FIG. 1 is a perspective view of a circuit status indicating device incorporating a plurality of LED's and a power reduction circuit constructed in accordance with the invention; and
FIG. 2 is a schematic circuit diagram for the indicating device shown in FIG. 1.
Referring to the drawing, FIG. 1 shows a circuit status indicating device 10 which is typically used for monitoring voltages throughout an electrical or electronic apparatus or system, for example, during the initial setup and debugging of automatic assembly equipment and/or for monitoring the equipment during operation to assure that various electrically controlled devices are each receiving electrical energy at the proper time. The indicating device 10 incorporates a rectangular plastic track or base 12 into which is inserted a printed circuit board 14. An elongated terminal block 17 is mounted on the printed circuit board 14 and includes a row of screw terminals 18 each of which is adapted to be connected to a corresponding electrically operated device which is to be monitored. The three terminals at the far left end of the terminal block 17 provide for connecting the appropriate case ground, input common, and test input leads or conductors as indicated in FIG. 1.
A formed sheet metal cover 22 is also mounted on the printed circuit board 14 adjacent the terminal block 17 and is provided with a row of openings or holes 23 through which can be observed corresponding light emitting diode (LED's) indicators 26. The cover plate 22 is silk-screen printed with a white space 28 for each of the LED viewing holes 23, and the spaces 28 provide for writing on the cover 22 identifications corresponding to the electrical operations being monitored by conductors connected to the screw terminals 18. The cover plate 22 also identifies a three position on-off-test switch 30 mounted on the printed circuit board 14.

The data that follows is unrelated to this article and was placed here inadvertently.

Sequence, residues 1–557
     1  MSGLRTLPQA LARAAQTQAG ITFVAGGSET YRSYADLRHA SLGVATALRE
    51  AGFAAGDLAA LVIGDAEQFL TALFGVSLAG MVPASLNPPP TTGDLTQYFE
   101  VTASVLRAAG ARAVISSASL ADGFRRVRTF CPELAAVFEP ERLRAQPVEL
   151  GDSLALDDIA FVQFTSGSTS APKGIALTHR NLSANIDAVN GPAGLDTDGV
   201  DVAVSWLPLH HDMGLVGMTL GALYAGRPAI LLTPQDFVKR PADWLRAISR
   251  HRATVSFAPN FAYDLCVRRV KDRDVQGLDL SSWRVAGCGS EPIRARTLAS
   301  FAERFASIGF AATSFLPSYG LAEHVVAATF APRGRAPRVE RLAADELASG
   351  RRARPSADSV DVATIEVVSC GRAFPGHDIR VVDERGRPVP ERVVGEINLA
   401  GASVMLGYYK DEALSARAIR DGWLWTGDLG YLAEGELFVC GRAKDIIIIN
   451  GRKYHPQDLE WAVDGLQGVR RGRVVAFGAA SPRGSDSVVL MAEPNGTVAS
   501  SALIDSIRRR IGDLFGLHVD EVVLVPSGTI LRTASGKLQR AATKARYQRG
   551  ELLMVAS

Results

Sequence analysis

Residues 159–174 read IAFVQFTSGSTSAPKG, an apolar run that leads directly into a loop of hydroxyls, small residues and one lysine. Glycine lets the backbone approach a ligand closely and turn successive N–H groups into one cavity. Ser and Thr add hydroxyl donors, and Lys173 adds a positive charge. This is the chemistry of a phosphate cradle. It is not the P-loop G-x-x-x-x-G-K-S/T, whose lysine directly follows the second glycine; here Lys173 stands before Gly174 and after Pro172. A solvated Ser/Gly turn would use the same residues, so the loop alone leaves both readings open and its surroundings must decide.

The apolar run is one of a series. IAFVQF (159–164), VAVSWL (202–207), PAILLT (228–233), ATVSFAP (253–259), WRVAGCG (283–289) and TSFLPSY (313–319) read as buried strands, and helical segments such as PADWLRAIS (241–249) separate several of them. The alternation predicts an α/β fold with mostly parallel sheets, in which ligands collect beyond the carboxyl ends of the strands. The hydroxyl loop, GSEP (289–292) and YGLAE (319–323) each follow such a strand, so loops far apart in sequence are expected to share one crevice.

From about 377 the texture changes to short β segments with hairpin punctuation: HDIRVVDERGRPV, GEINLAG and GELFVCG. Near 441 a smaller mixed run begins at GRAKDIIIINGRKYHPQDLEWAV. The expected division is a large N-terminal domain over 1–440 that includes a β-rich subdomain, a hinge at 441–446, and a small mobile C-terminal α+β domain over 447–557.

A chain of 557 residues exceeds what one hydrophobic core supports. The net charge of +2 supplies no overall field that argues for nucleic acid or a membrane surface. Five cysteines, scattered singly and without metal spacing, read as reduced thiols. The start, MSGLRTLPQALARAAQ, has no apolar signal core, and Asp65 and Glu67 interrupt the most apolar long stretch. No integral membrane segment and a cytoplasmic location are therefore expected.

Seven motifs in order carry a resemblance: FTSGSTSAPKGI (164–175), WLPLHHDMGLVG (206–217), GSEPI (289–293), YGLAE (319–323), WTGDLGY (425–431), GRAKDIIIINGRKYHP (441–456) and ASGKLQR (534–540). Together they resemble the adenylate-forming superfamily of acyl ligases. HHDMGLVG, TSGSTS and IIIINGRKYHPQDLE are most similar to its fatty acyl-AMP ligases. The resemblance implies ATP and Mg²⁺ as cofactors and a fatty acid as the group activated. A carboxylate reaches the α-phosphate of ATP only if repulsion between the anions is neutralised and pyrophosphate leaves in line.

Referring to FIG. 2, each of the LED indicators 26 is connected in series with an input isolation rectifier diode D1 and a current limiting resistor R1. Connected in parallel with each of the LED indicators is another rectifier diode D2 which is used for protecting the LED indicator from peak inverse voltages in excess of those for which the LED indicator is rated. All of the LED circuits are connected to a common conductor 32 extending above the resistors R1, and each LED circuit is connected to its corresponding screw terminal 18 located below its corresponding diode D1. Each circuit is also connected by a conductor 34 and diode D3 to a common momentary test conductor 36 extending from the switch 30. If the conductor 32 was connected directly to the input common AC ground conductor 42, and the inputs were at a 120 volt AC at the terminals 18, an excessive amount of power would be dissipated in each resistor R1. As previously stated, if the average current through each LED circuit were 15 milliampres, the dissipated RMS power in each resistor R1 would be approximately 1.867 watts.
In accordance with the present invention, a silicon controlled rectifier (SCR) power reduction circuit consists of an SCR, an SCR firing circuit, and an electrical noise reduction snubber circuit. The SCR is noted as SCR1. The SCR firing circuit consists of a diode D4 (IN4004), resistors R3, R4 and R6, potentiometer R5, capacitor C2, and unijunction transistor Q1. The snubber circuit consists of a resistor R2 and a capacitor C1. When the SCR power reduction circuit is placed between the common conductor 32 and the input common AC ground conductor 42, the RMS voltage across each resistor R1 may be varied. This variation is accomplished by adjusting the potentiometer R5 which controls the trigger voltage at B1 of unijunction transistor Q1 which, in turn, controls the firing angle and therefore the conduction angle of SCR1.